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Ocarina of Time — Best Game Ever? 615

Posted by Zonk
from the british-like-the-poncy-elves dept.
The Legend of Zelda: Ocarina of Time is the best game yet made, according to a list compiled by readers and writers of the lauded British gaming magazine Edge. Their list of the hundred best games ever is top-heavy with Nintendo titles, a full five out of the top ten being released to a Nintendo platform. Obviously, this sort of thing can get contentious, and CNet's Crave blog spoke up quickly with a contrary opinion. "The Legend of Zelda: Ocarina of Time is truly a masterpiece that should be thought of as one of the greatest games ever created. But to call it the greatest game of all time is a serious misstatement. Unlike Super Mario Bros., Ocarina of Time was released in an era where video games were booming and sales were on the rise. Simply put, everyone was playing video games, and the game was the best of its time. But no other game in history--Ocarina of Time included--was able to save an entire industry from almost guaranteed destruction the way Super Mario Bros. did, and it is for this reason that we should all give ol' Mario and Luigi credit where it's due." Let's hear it, then. What game deserves to top a list of the 100 best games ever made?
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Ocarina of Time — Best Game Ever?

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  • by Anonymous Coward on Tuesday July 03, 2007 @07:27PM (#19737339)
    Final Fantasy VII is the best game of all time :)
  • Psychonauts (Score:5, Insightful)

    by cyberon22 (456844) on Tuesday July 03, 2007 @07:28PM (#19737349)
    Psychonauts got in at 99? I would have pushed it into the top ten, but it's good to see that the game hasn't been completely ignored. I wonder how many people have actually played it.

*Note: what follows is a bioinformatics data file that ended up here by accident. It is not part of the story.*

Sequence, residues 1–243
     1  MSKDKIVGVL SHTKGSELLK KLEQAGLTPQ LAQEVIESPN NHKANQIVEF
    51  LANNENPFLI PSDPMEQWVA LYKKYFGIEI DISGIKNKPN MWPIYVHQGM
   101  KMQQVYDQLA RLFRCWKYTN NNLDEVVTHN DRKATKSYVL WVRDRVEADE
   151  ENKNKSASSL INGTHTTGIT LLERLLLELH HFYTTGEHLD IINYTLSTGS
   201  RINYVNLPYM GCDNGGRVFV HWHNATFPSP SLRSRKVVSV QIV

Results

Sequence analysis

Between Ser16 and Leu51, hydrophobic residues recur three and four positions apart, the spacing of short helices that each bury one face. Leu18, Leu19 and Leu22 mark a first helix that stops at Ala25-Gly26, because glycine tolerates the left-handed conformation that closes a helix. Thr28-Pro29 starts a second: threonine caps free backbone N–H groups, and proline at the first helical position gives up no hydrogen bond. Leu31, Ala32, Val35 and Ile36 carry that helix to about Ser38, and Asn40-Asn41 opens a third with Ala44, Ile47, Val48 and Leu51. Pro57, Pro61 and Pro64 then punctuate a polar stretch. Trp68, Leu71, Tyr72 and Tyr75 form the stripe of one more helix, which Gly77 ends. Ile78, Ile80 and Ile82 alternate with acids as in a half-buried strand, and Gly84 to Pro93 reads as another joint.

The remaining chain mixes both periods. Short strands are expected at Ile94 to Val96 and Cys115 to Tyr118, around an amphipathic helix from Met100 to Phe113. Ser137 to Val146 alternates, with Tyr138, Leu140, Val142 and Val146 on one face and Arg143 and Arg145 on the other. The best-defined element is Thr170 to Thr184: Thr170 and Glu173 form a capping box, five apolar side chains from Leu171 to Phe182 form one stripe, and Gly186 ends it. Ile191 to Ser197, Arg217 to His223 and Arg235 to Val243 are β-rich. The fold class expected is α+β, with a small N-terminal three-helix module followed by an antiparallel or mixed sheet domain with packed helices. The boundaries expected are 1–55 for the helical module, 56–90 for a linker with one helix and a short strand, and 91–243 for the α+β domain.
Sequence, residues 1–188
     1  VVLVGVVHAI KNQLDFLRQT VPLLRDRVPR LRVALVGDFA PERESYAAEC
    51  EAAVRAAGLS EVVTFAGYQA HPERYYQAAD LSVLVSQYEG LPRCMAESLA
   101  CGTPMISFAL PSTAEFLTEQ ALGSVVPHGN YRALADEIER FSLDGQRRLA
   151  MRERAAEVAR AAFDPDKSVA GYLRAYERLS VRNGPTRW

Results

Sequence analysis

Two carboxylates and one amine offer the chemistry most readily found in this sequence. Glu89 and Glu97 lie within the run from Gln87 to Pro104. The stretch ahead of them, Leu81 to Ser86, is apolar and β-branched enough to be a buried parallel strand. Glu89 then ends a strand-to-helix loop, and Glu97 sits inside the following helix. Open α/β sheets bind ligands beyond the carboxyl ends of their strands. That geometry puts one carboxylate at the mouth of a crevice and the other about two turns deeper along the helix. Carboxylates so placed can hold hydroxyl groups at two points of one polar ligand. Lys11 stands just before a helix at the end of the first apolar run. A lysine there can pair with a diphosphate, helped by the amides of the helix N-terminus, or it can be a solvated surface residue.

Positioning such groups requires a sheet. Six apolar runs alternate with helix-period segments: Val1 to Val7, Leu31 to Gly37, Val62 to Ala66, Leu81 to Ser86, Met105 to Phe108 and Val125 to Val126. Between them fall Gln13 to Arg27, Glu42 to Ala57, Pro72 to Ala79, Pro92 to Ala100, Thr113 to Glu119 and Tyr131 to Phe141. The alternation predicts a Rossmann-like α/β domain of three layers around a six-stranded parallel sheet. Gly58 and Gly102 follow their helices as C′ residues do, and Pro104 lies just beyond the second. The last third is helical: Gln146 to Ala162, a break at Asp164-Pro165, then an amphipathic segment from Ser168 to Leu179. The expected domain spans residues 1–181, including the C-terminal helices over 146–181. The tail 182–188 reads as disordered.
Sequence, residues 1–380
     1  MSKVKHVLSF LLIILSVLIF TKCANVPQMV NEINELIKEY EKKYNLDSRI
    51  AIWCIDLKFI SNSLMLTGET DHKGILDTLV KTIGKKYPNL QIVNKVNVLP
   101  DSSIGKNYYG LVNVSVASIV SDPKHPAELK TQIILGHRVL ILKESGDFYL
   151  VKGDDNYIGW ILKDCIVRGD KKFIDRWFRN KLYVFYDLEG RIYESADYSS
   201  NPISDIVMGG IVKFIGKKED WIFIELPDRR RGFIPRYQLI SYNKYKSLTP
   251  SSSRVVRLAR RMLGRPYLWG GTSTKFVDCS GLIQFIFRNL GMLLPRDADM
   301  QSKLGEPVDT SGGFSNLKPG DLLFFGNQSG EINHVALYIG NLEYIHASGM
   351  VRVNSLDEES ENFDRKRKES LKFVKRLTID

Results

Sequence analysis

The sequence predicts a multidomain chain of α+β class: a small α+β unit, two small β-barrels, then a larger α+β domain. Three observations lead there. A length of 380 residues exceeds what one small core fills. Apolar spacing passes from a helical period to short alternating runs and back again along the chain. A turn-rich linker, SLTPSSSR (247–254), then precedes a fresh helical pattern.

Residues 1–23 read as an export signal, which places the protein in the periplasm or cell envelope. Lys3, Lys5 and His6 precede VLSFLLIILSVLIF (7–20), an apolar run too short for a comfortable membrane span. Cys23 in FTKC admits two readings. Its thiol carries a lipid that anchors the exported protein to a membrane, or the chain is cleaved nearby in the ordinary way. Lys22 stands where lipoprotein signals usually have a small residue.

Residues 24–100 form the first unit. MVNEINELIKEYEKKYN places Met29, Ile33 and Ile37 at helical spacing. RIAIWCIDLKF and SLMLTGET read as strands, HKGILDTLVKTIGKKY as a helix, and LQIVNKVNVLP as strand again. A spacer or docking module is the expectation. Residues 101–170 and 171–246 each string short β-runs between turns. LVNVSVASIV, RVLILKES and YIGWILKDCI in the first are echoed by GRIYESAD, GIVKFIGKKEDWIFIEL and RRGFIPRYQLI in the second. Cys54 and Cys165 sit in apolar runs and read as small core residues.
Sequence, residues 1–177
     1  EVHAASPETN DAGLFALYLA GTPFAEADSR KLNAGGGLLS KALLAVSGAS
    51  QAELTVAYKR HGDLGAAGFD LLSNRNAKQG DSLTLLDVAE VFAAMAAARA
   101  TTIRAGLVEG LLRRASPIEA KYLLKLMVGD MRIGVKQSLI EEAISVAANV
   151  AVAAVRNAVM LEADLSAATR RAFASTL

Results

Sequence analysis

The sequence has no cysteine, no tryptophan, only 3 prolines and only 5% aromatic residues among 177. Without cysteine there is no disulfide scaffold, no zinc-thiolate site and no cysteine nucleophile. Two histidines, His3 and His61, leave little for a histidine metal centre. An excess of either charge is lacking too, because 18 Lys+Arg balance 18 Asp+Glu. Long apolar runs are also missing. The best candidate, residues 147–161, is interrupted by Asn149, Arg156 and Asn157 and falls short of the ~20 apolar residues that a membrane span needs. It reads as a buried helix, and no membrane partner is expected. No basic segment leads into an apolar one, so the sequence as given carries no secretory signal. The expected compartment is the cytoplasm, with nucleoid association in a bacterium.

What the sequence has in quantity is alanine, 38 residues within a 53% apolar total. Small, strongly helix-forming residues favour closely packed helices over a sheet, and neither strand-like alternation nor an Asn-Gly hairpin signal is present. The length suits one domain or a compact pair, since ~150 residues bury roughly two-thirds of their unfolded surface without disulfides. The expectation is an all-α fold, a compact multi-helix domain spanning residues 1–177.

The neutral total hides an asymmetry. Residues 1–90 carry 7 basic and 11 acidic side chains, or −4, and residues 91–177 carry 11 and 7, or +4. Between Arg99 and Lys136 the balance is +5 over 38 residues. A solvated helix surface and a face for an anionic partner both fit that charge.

• by Anonymous Coward on Tuesday July 03, 2007 @07:31PM (#19737387)
    Final Fantasy XII at number 8 = critical failure. Seriously, has anyone that voted on this list not played any of the other ones that were far superior? A vote for XII is a vote against nature.
  • BGOAT (Score:5, Insightful)

    by Reason58 (775044) on Tuesday July 03, 2007 @07:31PM (#19737389)
    You can't say something is the "best" without defining what you think those qualities are that make something best.

    Storyline? Gameplay? Graphics? Sounds? Replayability? Uniqueness?
  • Yes (Score:4, Insightful)

    by sycomonkey (666153) on Tuesday July 03, 2007 @07:32PM (#19737399) Homepage
    The answer is yes. Ocarina of Time has every element that makes video gaming such a rewarding and engaging pasttime. It was revolutionary, and it is still fun to this day.
  • by Jazzer_Techie (800432) on Tuesday July 03, 2007 @07:33PM (#19737411)
    There are a lot of sequels on the list, often coupled with the omission of the original(s). They omit both Doom and Half-Life, while charting Doom II at 78 and Half-Life 2 at 4. Honestly, that just doesn't make much sense.
  • by TerranFury (726743) on Tuesday July 03, 2007 @07:35PM (#19737453)

    ...that the South Korean Air Force has an official Starcraft team.

    I'd say that getting your videogame elevated to the status of stadium-worthy spectator sport is a pretty huge achievement. Blizzard's Starcraft is surely up there.

    (This is complicated only by the fact that it has so many worthy competitors from the same era: Age of Empires is the first that comes to mind.)

  • by wizardforce (1005805) on Tuesday July 03, 2007 @07:36PM (#19737467) Journal
    The sims series wins hands down as a series if you look at how many people play it. starcraft wins because you cant beat the sound of zerg being slaughtered in a poorly planned attack mario bros because of the fact that people still play it halo because of the fan following warcraft doesn't need an explanation spore is going to win if what they say about it is true